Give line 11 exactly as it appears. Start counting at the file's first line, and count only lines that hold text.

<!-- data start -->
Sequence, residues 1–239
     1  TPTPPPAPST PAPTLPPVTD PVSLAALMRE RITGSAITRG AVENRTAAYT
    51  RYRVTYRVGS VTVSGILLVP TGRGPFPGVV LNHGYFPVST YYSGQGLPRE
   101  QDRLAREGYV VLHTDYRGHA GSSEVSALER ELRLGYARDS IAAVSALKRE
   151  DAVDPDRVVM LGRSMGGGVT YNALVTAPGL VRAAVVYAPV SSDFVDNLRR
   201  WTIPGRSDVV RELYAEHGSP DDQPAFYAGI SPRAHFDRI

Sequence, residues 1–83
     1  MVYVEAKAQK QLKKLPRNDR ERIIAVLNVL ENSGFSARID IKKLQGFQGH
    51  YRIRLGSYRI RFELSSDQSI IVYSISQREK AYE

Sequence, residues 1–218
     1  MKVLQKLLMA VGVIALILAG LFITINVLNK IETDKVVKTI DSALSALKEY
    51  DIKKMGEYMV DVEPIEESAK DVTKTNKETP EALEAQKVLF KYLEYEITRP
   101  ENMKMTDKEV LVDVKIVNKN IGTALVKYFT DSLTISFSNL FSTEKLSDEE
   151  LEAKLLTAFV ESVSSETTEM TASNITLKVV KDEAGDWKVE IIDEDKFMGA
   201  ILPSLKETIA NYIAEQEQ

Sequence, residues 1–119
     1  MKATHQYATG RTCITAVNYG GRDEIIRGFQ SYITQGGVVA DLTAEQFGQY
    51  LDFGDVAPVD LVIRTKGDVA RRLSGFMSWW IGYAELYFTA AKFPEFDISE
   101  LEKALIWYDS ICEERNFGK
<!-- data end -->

     1  MKVLQKLLMA VGVIALILAG LFITINVLNK IETDKVVKTI DSALSALKEY